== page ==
The first Lord Ilkeston

The first Lord Ilkeston

Sir Balthazar Walter Foster PC FRCP was born to Balthazar Foster and his wife Marian on 17th July 1840. In 1847 the family moved to Foster Senior’s native Ireland, and Foster was educated at Drogheda Grammar School. In 1857 he attended Trinity College, Dublin, where he studied medicine. After graduation, he joined the Royal College of Surgeons in Ireland as a ‘prosector’ of Anatomy [someone who prepares bodies for dissection], and in 1860 he qualified for practice as a Doctor in his own right. Foster  was appointed Demonstrator in Practical Anatomy at Queen’s College, Birmingham (a predecessor college of Birmingham University), later being appointed Professor of Anatomy. In 1864 he obtained his MD from the University of Erlangen-Nuremberg, in Germany and in the same year married Emily Martha Sargant of Edgbaston.

On the merger of Queen’s and Sydenham colleges in 1868 he was appointed Professor of Medicine, a position he held until 1892. He became a doctor at Birmingham General Hospital, and as a teacher and clinician he wrote many books and academic papers. In 1870 he published ‘Method and Medicine’, a defence of scientific research in medicine. This was his last major piece of academic medical work; in the 1870s he became involved with public health and the social applications of medicine. In 1873 he was elected a Fellow of the Royal College of Physicians (FRCP).

Foster had shown an interest in public and medical politics from 1866 onwards and was elected as a City Councillor in Birmingham in 1883. Later that decade he was elected to the General Medical Council and served for ten years.

In 1885 he was elected as a Member of Parliament for Chester as a Liberal candidate with a programme of free education and improved housing for the poor. Although an ardent supporter of Joseph Chamberlain, Foster did not reject Irish home rule in 1886 as Chamberlain did. In 1886 he was made President of the National Liberal Federation, where he tried to keep Chamberlain’s supporters loyal to Prime Minister William Gladstone. Foster lost his Chester seat in the Liberal defeat in the 1886 election, and a knighthood the same year suggested that this might be the end of his political career.

Sir Balthazar Walter Foster MP PC FRCP

At this time politics was particularly muddy, with Unionists, Liberal Unionists and Liberals contesting elections as a result of Gladstone’s controversial plans for Irish Home Rule. Foster was offered the nomination for the Liberals at a by-election held in the Ilkeston Division on 24th March 1887 following the death of Thomas Watson, the sitting Liberal MP. Fortunately for Foster, in Ilkeston there was a straight fight between Liberal and Conservative, the other candidate being a Samuel Leeke. Although his successful conservative opponent from Chester Robert Yerburgh MP followed him and did his best to discourage locals from giving support, Foster was returned to Westminster as Ilkeston’s MP with a majority of 1,332, a swing to him of 2%.

Foster’s main interest in parliament was medical issues, speaking in support of the medical officers in the Army and on other public health concerns. In 1892-95 he served as Parliamentary Secretary to the Local Government Board, becoming the first doctor to hold a ministerial post in Britain. He organised the sanitation campaign between 1892 and 1895, which successfully prevented the 1893 Cholera epidemic reaching Britain and Chaired the Select Committee on Death Certification.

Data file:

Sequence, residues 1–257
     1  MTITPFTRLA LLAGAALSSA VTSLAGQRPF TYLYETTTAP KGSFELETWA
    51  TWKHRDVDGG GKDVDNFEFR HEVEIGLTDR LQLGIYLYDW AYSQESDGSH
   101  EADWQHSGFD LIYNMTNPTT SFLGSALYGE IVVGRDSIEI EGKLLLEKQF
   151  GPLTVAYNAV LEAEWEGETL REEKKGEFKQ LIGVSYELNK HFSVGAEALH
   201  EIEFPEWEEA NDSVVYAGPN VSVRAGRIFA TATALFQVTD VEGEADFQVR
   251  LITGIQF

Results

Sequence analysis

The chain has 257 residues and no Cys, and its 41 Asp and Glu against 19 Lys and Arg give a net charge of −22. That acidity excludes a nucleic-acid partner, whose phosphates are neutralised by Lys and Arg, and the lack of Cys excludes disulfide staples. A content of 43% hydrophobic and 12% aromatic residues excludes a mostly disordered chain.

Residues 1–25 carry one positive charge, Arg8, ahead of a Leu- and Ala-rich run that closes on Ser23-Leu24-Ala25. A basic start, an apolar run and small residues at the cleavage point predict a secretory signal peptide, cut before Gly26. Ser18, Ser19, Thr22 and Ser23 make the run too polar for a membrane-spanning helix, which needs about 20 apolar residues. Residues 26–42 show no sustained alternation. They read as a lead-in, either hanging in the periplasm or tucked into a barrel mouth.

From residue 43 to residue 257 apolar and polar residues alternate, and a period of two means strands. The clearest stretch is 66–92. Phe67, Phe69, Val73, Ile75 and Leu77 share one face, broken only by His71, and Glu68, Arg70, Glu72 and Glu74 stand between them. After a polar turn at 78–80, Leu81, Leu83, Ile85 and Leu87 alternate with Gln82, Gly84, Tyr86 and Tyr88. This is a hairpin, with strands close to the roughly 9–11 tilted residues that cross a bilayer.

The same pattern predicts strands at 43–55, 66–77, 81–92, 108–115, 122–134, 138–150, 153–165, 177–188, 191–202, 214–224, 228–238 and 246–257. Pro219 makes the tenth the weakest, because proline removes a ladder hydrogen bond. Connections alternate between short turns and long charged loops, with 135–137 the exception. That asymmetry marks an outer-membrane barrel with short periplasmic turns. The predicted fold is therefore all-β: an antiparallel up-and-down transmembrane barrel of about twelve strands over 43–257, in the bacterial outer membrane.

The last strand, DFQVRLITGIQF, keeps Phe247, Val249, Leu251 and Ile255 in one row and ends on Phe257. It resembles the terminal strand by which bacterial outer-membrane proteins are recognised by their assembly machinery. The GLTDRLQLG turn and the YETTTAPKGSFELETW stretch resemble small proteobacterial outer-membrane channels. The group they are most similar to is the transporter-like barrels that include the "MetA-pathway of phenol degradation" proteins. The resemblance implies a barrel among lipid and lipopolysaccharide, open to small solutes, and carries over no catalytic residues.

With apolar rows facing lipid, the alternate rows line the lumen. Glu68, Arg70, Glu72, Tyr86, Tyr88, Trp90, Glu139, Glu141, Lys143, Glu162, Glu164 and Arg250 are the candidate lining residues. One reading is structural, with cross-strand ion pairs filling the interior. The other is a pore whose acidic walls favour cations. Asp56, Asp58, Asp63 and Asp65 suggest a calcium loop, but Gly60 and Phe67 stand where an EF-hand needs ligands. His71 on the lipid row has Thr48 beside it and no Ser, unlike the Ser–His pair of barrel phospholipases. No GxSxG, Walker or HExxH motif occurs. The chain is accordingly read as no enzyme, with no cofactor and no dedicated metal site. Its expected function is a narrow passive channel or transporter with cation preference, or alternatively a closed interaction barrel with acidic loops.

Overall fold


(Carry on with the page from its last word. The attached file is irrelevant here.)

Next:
On 24th August 1904 Sir Walter Foster was granted the Freedom of the Borough of Ilkeston along with the Duke of Rutland (Lord of the Manor) and Andrew Carnegie, the philanthropist and industrial magnate at the opening of the Ilkeston Library (which Carnegie had paid for at a price of £7,500). All three – although Foster was the only one actually present – were presented with a certificate and a handsome silver casket bearing the Borough Arms and several enamel scenes.

When the Liberals returned to power in 1905 some had predicted a cabinet position for him, but he was passed over on grounds of his age. In 1906 he was made a member of the Privy Council. After his sixth victory at Ilkeston in 1910 he was asked to vacate his seat to allow J. E. B. Seely, the former Secretary for War who had been recently defeated in his own constituency, to take his place. Foster resigned from the House of Commons, and Colonel Seely was duly elected as MP for Ilkeston in March 1910.

Later that year, Sir Walter Foster was elevated to the peerage and took the title ‘Baron Ilkeston of Ilkeston in the County of Derby’, which came in those days with an automatic seat in the House of Lords. Unfortunately, his growing ill health meant that he was unable to achieve much during his brief membership of that house. A bowel obstruction was successfully operated on in 1911, but Foster died of bowel cancer on 31st January 1913 at the age of 72.

The title ‘Baron Ilkeston’ passed to his youngest and only surviving son, Balthazar Stephen Sargant Foster, 2nd Baron Ilkeston and became extinct on his death in 1952. The Ilkeston Council’s silver casket, presented along with the Freedom of the Borough to Walter Foster in 1904 was happily retrieved by the Council after his death and is now in the Erewash Museum Collection.

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